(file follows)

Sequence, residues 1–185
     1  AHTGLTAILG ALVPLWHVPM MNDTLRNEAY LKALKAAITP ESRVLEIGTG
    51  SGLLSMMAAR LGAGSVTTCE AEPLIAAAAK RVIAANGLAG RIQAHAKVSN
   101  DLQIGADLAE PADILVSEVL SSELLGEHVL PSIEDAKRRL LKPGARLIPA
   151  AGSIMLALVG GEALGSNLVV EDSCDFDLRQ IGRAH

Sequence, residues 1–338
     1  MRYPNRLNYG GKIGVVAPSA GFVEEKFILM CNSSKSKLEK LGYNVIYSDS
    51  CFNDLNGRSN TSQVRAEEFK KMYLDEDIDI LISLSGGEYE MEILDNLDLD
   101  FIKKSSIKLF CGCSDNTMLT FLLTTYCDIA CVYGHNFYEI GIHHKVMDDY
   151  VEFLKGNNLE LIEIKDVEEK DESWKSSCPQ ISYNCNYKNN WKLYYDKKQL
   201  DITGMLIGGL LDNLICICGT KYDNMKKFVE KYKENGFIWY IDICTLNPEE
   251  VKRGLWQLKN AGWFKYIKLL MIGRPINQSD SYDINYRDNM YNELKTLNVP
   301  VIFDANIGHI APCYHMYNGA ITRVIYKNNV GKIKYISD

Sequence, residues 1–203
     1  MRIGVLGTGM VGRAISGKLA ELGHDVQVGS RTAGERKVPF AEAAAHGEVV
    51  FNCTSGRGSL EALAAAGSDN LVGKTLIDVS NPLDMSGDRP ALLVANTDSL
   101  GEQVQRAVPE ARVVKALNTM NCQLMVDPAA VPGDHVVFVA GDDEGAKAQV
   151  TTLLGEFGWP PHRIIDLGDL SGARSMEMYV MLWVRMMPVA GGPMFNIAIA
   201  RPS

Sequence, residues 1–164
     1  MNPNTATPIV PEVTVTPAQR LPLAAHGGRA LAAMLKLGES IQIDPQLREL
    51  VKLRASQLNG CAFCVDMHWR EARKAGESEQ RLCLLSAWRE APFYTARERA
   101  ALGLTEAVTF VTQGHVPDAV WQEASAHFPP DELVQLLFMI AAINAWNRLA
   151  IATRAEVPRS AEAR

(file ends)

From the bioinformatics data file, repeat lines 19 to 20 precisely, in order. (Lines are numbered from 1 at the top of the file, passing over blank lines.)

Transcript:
   201  RPS

Sequence, residues 1–164